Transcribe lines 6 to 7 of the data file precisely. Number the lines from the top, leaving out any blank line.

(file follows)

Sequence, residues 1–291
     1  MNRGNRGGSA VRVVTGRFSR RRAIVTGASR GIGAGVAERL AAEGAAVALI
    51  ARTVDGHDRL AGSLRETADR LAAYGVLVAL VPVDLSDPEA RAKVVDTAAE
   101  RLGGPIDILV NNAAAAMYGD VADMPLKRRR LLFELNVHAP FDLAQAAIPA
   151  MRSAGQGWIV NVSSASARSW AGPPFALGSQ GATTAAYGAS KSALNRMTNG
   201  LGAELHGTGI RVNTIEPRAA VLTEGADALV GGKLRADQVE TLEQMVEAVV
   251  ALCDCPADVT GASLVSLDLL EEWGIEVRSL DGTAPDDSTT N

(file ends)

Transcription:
   201  LGAELHGTGI RVNTIEPRAA VLTEGADALV GGKLRADQVE TLEQMVEAVV
   251  ALCDCPADVT GASLVSLDLL EEWGIEVRSL DGTAPDDSTT N